Have People Had Enough of Food Chemicals and Additives?

Food additives that sound more like chemicals from a lab are turning people off.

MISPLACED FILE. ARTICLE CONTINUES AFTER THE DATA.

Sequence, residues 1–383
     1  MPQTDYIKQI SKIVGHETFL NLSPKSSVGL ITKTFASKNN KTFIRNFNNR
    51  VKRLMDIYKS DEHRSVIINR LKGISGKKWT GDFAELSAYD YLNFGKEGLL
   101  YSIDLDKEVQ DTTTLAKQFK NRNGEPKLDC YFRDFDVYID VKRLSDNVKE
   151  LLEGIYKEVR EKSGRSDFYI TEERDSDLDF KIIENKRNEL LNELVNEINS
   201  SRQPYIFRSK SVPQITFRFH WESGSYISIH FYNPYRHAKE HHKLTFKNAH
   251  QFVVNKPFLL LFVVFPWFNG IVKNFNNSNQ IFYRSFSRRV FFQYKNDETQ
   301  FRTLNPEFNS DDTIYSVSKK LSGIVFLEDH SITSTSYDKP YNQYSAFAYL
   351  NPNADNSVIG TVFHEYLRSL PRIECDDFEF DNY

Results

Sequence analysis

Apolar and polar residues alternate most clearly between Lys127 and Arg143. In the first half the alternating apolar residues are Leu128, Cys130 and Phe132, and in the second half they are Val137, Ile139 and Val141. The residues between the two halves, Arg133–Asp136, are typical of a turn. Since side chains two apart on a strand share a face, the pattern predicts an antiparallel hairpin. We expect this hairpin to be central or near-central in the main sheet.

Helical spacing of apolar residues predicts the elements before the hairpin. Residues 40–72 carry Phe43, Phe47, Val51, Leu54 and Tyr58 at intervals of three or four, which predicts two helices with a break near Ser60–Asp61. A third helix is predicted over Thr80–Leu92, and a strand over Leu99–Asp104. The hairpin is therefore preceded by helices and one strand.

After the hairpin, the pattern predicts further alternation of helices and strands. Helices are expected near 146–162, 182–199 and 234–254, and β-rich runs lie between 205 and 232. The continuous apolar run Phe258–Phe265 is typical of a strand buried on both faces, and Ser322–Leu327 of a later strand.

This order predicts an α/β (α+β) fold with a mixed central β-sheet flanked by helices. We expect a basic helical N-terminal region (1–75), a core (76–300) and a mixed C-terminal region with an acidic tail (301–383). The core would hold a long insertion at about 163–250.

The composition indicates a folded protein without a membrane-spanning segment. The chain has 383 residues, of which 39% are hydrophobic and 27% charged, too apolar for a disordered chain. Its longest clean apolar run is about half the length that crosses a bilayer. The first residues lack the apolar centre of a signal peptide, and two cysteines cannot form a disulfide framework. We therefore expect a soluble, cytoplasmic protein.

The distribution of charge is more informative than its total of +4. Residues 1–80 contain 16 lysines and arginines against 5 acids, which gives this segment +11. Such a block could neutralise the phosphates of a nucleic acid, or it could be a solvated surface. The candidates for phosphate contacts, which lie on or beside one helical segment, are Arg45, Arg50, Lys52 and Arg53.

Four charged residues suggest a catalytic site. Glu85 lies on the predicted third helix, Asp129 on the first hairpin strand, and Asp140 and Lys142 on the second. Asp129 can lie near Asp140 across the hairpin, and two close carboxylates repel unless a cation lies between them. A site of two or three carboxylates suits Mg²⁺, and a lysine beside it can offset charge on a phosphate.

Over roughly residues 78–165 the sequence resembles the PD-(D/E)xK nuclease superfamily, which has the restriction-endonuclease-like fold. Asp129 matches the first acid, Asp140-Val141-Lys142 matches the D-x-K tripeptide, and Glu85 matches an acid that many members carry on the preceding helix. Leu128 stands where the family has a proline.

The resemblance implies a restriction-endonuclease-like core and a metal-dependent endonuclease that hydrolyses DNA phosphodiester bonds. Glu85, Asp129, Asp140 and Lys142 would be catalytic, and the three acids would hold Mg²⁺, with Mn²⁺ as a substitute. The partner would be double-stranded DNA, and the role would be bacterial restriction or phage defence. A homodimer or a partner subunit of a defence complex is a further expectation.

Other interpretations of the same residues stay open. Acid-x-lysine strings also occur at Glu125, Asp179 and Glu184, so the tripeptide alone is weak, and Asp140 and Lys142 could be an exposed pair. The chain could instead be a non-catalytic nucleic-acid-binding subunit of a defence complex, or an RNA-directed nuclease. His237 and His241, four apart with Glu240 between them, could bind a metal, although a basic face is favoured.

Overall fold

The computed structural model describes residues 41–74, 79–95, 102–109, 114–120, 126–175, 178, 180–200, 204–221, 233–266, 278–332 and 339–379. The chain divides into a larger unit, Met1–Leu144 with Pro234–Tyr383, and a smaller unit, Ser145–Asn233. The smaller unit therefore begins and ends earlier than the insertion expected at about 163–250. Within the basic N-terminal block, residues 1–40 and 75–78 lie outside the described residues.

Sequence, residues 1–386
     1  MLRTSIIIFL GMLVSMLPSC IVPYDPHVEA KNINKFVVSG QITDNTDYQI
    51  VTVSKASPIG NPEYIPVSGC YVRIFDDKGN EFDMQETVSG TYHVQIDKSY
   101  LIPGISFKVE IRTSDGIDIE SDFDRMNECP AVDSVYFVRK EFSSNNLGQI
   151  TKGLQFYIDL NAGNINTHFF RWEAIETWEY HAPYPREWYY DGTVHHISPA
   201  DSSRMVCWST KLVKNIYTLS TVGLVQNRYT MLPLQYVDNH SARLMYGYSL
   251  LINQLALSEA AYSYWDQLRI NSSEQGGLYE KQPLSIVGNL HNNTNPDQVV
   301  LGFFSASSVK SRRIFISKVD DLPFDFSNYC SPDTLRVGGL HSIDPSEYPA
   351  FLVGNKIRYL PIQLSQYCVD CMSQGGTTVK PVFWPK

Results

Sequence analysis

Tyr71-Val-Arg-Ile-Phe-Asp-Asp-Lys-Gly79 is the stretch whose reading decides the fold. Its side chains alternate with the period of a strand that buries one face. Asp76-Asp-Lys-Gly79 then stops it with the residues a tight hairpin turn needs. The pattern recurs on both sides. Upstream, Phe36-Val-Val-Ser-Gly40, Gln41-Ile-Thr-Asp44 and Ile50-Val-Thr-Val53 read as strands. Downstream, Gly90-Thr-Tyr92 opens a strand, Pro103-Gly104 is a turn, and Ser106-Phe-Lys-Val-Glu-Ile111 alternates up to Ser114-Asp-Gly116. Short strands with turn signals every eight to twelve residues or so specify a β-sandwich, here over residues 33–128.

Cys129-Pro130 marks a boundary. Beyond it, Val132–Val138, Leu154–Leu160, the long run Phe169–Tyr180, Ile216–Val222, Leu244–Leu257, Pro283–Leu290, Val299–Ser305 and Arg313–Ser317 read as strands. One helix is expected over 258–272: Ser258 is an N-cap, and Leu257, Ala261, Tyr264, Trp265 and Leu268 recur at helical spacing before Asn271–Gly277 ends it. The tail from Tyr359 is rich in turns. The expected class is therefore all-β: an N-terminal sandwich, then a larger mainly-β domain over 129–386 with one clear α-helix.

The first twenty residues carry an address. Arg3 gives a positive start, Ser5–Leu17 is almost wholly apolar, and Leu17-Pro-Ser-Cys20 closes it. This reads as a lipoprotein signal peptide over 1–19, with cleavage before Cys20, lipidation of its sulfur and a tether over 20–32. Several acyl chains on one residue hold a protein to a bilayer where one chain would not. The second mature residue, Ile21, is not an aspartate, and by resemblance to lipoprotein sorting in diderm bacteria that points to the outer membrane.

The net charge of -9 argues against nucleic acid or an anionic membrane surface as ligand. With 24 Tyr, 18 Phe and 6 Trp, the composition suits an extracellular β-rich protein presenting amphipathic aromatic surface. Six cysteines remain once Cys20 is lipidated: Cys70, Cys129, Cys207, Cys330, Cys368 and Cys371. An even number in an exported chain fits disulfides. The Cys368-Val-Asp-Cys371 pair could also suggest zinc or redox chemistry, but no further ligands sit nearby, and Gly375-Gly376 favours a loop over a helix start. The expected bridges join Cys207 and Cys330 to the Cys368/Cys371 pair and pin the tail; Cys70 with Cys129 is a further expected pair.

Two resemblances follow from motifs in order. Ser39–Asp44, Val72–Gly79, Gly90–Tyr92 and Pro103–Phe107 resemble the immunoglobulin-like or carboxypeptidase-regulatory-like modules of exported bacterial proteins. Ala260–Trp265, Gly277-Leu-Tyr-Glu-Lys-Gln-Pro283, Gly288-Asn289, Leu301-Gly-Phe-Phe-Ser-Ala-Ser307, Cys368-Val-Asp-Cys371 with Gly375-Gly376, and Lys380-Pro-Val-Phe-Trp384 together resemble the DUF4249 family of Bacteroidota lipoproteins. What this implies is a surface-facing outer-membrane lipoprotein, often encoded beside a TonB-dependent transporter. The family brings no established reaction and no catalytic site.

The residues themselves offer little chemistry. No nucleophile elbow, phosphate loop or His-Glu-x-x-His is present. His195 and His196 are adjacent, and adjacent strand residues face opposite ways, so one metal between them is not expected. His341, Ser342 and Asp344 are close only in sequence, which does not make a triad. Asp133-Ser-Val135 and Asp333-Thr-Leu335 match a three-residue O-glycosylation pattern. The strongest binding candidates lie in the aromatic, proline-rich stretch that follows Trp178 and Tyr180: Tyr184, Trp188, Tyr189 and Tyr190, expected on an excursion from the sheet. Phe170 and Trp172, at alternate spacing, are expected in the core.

People who cringe at the weird-sounding chemical additives in food, like sodium stearoyl-2-lactylate, guar gum or disodium EDTA, are starting to create and share home-made versions of their favorite processed foods that are free of artificial chemicals and additives. On Pinterest, a social media website that facilitates sharing of recipes, a growing number of people are concocting and sharing chemical-free versions of their favorite highly-processed foods. One member shared a recipe for home-made “Condensed Cream of Something Soup,” offered as a chemical-free thickener to use in casseroles instead of expensive and additive-filled  canned Campbell’s “Cream of” soups. Another person posted a recipe for home-made Oreos that has gotten raves. Still another person shared a way to make her favorite childhood processed food, Pop Tarts, at home using recognizable ingredients. Someone who claimed to be “disgusted” by processed, bottled Bleu cheese dressing posted a simple recipe for home-made Bleu Cheese dressing. Still someone else shared an easy recipe for do-it-yourself red enchilada sauce, saying “you’ll never go back to the canned, store-bought stuff again.” A substantial portion of our modern food supply is manufactured in factories using chemicals and additives, some of which, according for the Center for Science in the Public Interest, are poorly tested and may not be worth the risk of ingesting them. Chemicals added to food include preservatives, anti-caking agents, artificial coloring, emulsifiers and thickeners, many of which have names that sound more like they belong in a laboratory than the average family’s’s kitchen. CSPI recommends avoiding certain additives, including some artificial colorings, like caramel coloring, the main food coloring in Coca Cola, Pepsi Cola, Dr. Pepper and some Snapple drinks. Additives have also been implicated in some illnesses, particularly in children. The Mayo Clinic says some studies show that certain food colorings and preservatives may increase hyperactive behavior in some children. The time may be arriving when people have reached a limit in what they are willing to tolerate as far as unrecognizable ingredients in foods.

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